These concerns came to a head when more than 1000 workers held an angry meeting with union officials in the site canteen last Friday morning.
Laing O'Rourke issued a statement after the meeting saying that it was working within its agreement with BAA and the unions. It said that there would "always be ongoing discussion around some elements of the terms and conditions", but that the package offered to Terminal 5 workers was "groundbreaking".
It said: "The on-site support and welfare facilities for operatives are of an exceptional standard. NVQ training as well as basic literacy and IT skills training are available to all site workers."
The statement added that Laing O'Rourke's industrial relations package would set standards in pay, health and welfare and training for the whole of the construction industry.
According to a deal signed in January, skilled workers on the site can earn up to £55,000 and unskilled workers up to £31,000.
Local union officials will now report to their national officers on the outcome of the Friday meeting. One union insider said there was no prospect of a strike in the near future, as discussions were at an early stage. He said: "There is also some manoeuvring within the different unions on the site for members and that is why there could be some outspoken demands."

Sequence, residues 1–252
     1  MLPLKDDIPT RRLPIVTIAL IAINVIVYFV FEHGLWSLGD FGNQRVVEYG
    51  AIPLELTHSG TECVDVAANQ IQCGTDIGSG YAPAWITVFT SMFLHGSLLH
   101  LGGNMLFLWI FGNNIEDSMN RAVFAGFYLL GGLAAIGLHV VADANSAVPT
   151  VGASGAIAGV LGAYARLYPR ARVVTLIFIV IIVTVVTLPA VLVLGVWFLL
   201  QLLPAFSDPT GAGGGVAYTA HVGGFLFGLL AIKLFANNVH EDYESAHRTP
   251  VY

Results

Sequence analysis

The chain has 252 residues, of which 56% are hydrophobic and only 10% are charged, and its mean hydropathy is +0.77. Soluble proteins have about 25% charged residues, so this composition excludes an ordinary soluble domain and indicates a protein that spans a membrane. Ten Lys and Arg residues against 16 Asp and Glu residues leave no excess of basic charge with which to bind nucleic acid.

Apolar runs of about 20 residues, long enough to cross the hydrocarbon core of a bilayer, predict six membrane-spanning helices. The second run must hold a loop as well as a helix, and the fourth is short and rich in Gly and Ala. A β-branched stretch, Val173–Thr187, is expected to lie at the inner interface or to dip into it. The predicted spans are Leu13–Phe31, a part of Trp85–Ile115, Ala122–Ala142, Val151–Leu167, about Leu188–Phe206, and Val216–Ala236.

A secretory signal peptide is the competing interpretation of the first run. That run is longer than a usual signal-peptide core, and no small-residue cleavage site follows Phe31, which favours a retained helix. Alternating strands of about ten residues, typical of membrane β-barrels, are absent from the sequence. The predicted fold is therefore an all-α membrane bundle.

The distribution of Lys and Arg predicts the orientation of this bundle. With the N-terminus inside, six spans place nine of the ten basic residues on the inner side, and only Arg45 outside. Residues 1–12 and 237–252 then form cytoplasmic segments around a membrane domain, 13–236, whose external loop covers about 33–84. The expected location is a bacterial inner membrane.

Some unions are thought to be taking a more aggressive line than others over the grievances in an attempt to recruit workers.
A forum of unions, contractors and BAA officials will negotiate the terms of the deal, which should boost pay for workers on large airport schemes.
Determined to deliver
Douglas, who was previously BAA group technical director, replaces John Stent. He will move to a new position within BAA that is to be announced later this year.
Douglas said he was delighted to take up the post and was determined to deliver the project with a good safety record, on time and within budget.